The fact that activewear is a strong category in terms of sales needs little convincing. A couple of examples are the rise of brands such as Under Armour and newborn concepts such as Beyonce’s fashion adventure Ivy Park. On the denim front, Mavi and several other players have put a greater focus on stretch and comfort thanks to athleisure as well. With this in mind, a recently published US market study carried out by Deutsche Bank (DB) tells us only now, that this growth has been taking place at the expense of regular clothes’ sales.
According to the report’s authors, athletic apparel was up 4.1% from 2008-2015 on average, whereas non-athletic apparel grew only 0.2% during the same timeframe, lagging overall apparel in seven of the past eight years. The writers also see athleisure as a genuine trend linked to lifestyle and thus expect the disparity between athletic and non-athletic growth to widen in upcoming years.
In this athleisure-dominated scenario, DB indicates that “the retailers best poised to navigate this shifting channel dynamic are those with less exposure to women’s non-athletic apparel and the ability to play in fast fashion, off-price, or online in a meaningful way.”
But athleisure isn’t the only one to blame for the regular clothes’ market struggle. DB researchers see as well a lack of compelling fashion on the horizon to boost sales and “remain concerned that there is no clear replacement for the skinny jean, a trend that has grown long in the tooth, which we think is necessary for a new silhouette to emerge and inspire women to refresh their closets.”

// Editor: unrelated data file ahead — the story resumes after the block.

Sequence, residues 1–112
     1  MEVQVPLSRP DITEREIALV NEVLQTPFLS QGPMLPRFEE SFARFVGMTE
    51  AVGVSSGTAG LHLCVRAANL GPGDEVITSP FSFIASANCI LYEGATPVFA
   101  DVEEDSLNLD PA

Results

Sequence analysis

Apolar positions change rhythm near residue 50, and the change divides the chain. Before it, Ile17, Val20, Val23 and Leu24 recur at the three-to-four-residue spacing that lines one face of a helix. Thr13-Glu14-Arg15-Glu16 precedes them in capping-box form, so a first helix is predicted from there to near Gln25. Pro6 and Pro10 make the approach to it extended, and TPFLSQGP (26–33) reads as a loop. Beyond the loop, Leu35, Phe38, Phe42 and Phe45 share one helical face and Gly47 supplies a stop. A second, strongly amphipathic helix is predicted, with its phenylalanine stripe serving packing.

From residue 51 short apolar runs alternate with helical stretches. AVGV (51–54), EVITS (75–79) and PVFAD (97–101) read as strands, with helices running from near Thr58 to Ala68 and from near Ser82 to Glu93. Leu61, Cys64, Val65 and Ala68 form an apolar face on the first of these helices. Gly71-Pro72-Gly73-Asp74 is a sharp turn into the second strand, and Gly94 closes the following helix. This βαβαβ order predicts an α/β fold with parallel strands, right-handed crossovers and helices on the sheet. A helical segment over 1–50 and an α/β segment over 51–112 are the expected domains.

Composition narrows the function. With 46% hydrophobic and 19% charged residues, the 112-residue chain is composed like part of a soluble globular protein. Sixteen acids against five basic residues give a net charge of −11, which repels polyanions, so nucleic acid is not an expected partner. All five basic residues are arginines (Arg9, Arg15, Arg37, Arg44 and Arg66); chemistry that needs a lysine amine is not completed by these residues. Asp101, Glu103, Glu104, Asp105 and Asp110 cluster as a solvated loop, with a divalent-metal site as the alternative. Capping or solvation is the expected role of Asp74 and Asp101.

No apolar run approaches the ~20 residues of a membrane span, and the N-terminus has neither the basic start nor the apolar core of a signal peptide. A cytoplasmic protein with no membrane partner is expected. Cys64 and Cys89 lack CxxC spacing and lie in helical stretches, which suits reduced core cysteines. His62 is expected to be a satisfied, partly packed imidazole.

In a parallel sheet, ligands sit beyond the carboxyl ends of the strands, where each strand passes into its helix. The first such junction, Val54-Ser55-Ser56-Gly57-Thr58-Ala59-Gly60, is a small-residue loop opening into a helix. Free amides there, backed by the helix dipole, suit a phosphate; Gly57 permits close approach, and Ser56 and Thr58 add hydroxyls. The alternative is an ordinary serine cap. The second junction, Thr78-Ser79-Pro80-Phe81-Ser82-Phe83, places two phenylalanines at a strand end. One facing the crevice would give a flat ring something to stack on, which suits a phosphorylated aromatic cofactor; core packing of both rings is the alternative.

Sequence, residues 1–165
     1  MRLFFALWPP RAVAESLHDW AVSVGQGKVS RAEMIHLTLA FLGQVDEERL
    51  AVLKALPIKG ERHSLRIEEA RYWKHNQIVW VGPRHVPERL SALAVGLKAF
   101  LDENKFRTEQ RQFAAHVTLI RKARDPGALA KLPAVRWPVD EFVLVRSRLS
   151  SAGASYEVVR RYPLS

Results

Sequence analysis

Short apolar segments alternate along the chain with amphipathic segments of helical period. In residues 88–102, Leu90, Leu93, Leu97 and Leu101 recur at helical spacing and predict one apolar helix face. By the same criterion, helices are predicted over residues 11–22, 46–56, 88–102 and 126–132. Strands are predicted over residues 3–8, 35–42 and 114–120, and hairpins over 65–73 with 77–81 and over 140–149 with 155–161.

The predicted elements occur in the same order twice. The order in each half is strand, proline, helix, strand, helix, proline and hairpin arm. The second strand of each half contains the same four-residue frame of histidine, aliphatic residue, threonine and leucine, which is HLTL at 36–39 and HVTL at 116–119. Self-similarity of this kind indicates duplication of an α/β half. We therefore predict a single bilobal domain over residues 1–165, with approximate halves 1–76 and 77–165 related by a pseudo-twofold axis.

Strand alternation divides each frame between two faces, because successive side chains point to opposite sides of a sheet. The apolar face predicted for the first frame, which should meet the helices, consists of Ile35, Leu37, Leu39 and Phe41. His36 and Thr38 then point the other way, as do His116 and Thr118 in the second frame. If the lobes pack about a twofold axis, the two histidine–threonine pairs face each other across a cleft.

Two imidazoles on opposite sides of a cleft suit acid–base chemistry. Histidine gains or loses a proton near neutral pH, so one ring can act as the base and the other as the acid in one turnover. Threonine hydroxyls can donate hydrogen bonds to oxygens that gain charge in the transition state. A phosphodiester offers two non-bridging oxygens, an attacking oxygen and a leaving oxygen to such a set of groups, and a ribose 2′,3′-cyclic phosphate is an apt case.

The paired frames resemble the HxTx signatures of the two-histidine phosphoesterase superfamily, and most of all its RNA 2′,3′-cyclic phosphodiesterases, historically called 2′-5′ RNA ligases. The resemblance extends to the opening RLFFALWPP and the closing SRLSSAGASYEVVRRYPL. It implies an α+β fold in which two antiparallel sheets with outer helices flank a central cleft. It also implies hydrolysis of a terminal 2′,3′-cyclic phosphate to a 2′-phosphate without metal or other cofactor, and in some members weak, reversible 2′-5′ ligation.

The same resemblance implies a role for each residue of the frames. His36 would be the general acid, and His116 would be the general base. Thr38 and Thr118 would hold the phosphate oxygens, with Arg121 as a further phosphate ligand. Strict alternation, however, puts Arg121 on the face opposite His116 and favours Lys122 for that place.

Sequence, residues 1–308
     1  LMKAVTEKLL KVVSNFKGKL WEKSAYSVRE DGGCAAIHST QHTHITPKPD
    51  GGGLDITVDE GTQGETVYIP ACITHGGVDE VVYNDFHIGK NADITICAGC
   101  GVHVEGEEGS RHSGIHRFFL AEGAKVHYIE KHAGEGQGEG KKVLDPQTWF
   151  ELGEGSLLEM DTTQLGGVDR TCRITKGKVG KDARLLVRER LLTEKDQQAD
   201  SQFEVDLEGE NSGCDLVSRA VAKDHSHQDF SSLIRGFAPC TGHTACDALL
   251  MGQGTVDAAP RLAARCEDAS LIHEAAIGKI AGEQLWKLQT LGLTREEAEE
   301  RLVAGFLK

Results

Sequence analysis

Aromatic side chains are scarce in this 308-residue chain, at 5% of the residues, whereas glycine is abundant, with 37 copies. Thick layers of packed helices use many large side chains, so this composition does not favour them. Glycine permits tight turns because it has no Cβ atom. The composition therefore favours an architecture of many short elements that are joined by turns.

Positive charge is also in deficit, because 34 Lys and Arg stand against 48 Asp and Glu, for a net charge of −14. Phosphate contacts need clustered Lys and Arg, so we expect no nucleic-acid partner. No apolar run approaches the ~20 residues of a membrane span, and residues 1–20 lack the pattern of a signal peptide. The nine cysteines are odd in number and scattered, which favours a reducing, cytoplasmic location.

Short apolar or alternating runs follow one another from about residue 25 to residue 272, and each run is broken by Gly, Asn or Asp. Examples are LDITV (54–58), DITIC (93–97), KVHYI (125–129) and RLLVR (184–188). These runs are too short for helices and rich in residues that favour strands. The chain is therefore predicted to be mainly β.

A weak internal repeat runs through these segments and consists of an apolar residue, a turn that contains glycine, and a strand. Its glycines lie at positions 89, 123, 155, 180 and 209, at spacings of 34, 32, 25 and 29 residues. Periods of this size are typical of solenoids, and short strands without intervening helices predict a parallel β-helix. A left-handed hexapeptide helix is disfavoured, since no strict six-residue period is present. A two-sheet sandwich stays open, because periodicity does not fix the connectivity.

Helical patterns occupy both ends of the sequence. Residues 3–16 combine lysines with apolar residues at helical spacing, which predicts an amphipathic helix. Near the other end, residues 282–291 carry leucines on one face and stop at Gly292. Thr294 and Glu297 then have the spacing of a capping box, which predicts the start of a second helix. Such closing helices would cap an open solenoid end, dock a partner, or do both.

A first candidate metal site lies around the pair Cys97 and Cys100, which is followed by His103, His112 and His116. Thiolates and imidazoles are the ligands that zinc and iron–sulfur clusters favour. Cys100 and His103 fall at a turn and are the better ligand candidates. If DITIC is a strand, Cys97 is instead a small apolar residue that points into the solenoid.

There is no clear replacement for the skinny jean, a trend that has grown long in the tooth, which we think is necessary for a new silhouette to emerge and inspire women to refresh their closets.
The credit institutions don’t glimpse a near end to the numerous store closings that have been shaking up some of the companies featured in the report –among them American Eagle Outfitters, Abercrombie & Fitch Co., Gap Inc., Urban Outfitters, Inc. and Macy’s Inc. DB forecasted 833 store closures in 2016 within the covered group of companies, and suggests that 314 additional closures still need to disappear in order to right-size for current sales trends and market share. Over the past three years, 3,000 shut down already.
Only once this adjustment on the number of stores happens, modest growth rates might blossom: “We do see light at the end of the tunnel (albeit a long tunnel) as additional stores close, toward a productive balance to be achieved between the online and brick & mortar channels allowing for growth in both […] We expect a modest reacceleration in sales per sq. ft. ahead for our apparel retailers, in part driven by the effect of a smaller but healthier store base.”
Among the reasons that explain the challenging situation of apparel, DB remarks persistently weak mall traffic; a shift in spending habits towards home improvement, technology, autos, healthcare and travel to the detriment of fashion; and the fierce expansion of fast-fashion retailers and online players such as Amazon that provoked an imbalance between supply –which is still growing– and slumping demand.